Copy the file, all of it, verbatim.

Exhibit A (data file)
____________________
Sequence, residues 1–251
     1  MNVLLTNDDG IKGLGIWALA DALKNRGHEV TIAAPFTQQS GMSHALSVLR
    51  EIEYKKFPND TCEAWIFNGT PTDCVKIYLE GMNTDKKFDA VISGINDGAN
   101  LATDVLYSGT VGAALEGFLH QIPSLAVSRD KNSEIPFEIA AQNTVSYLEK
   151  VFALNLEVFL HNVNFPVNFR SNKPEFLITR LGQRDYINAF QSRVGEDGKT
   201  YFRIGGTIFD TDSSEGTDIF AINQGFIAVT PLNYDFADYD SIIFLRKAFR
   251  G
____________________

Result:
Sequence, residues 1–251
     1  MNVLLTNDDG IKGLGIWALA DALKNRGHEV TIAAPFTQQS GMSHALSVLR
    51  EIEYKKFPND TCEAWIFNGT PTDCVKIYLE GMNTDKKFDA VISGINDGAN
   101  LATDVLYSGT VGAALEGFLH QIPSLAVSRD KNSEIPFEIA AQNTVSYLEK
   151  VFALNLEVFL HNVNFPVNFR SNKPEFLITR LGQRDYINAF QSRVGEDGKT
   201  YFRIGGTIFD TDSSEGTDIF AINQGFIAVT PLNYDFADYD SIIFLRKAFR
   251  G